Darwen discovers an enchanting world through the old mirror hanging in his closet – a world that holds as many dangers as it does wonders. Scrobblers on motorbikes with nets big enough to fit a human boy. Gnashers with no eyes, but monstrous mouths full of teeth. Flittercrakes with bat-like bodies and the faces of men. Along with his new friends Rich and Alexandra, Darwen becomes entangled in an adventure and a mystery that involves the safety of his entire school. They soon realize that the creatures are after something in our world – something that only human children possess.

Ohhh, sounds great!  Let’s jump in. You normally write for adults. What was the spark that started you on the path to writing Darwen Arkwright and the Peregrine Pact??

A combination of factors, really, probably largest of which was that my son (who is now 9) had reached the age when he was starting to devour middle grade books. I found—as I’m sure many parents do—that not only did I want to write something for him, but that I found myself remembering my own childhood through him, as it were. Suddenly I could recall the way I saw the world then because I could see it all being played out again in him. I also remembered the kind of thrill I got from reading back then and found myself hankering both to give other kids the same experience I had, and to get back to those kinds of stories from the standpoint of what I had becomes since, a writer.

What was the timeline from conception to publication?

Once I had committed to the book, the first draft came fairly quickly—less than three months—but I took another couple of months to revise it, another couple for my agent to find the right slot in the publishing calendar to submit it, another couple to sell it. Razorbill bought it and committed to a fall 2011 release which, being about 18 months away, seemed a very long time indeed. All told it was about a two and a half year process.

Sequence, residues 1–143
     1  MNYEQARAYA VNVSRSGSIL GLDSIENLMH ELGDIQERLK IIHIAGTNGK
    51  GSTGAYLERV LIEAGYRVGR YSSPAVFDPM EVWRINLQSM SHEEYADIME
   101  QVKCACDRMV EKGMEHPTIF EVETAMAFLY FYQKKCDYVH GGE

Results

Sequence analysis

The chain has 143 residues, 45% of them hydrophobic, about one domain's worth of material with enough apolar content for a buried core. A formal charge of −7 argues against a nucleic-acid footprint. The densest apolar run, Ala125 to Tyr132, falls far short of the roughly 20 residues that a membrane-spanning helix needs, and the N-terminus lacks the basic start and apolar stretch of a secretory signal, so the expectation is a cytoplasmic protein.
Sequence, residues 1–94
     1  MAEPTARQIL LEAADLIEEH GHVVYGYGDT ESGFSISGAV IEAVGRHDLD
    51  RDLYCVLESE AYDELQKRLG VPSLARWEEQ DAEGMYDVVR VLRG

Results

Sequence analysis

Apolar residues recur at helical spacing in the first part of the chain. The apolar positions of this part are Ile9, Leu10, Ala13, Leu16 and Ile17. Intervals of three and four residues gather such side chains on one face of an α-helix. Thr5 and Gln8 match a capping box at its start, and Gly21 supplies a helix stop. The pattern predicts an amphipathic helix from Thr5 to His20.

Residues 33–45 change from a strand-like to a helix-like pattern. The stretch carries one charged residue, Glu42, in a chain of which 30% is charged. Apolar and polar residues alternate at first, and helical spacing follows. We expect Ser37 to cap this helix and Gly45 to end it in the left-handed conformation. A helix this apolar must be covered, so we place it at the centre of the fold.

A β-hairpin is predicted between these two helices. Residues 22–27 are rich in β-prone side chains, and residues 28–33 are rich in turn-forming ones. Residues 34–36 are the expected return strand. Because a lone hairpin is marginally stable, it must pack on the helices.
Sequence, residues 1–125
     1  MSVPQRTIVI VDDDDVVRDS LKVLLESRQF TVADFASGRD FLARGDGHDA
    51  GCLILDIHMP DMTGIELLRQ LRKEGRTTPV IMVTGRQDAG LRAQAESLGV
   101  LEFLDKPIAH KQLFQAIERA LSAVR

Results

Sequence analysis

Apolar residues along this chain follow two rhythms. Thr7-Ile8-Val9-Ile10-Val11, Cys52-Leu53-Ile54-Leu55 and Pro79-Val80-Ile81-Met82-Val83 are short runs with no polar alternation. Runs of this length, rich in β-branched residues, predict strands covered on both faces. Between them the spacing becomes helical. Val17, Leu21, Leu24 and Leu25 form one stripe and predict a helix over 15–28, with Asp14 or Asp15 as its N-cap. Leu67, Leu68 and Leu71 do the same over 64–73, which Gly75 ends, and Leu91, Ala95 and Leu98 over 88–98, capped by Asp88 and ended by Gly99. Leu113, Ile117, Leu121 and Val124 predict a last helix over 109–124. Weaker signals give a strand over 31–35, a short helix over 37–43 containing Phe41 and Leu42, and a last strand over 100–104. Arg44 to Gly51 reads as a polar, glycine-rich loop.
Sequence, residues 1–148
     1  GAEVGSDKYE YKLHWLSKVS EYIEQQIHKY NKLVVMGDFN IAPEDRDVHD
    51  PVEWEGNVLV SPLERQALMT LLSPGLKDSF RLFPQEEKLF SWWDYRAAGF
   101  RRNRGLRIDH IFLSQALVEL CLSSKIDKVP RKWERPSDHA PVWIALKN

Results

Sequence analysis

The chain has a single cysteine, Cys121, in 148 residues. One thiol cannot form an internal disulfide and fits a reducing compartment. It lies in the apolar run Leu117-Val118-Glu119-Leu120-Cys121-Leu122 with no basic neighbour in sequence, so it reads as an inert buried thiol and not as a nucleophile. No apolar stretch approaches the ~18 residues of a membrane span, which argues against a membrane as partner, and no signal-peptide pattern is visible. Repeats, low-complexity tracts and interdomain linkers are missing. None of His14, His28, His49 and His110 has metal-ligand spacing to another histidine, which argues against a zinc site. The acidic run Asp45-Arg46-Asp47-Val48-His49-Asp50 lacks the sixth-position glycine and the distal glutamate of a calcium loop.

Were there any aspects that varied between writing this and writing your previous books? Any surprises along the way?

It took me a while to relax into the voice and I spent a lot of time agonizing over whether or not I was pitching the narrative at the right reading level. I got advice from several people (including R.L. Stine) that convinced me that to consciously lower the bar would be patronizing to my readers and would significantly reduce the richness of the story. From that point on, with few exceptions, I told the story in the way that felt most natural and stopped worrying about reader demographics and levels of vocabulary.

As to surprises, I guess it should be obvious, but I found (to my great relief and excitement) that things I’d learned before writing adult fiction about pacing, about writing suspense scenes (for instance) all applied just as well to writing for younger readers.

 Speaking of process, do you outline or dive right in?  Write linearly or skip around?  Does it vary from book to book?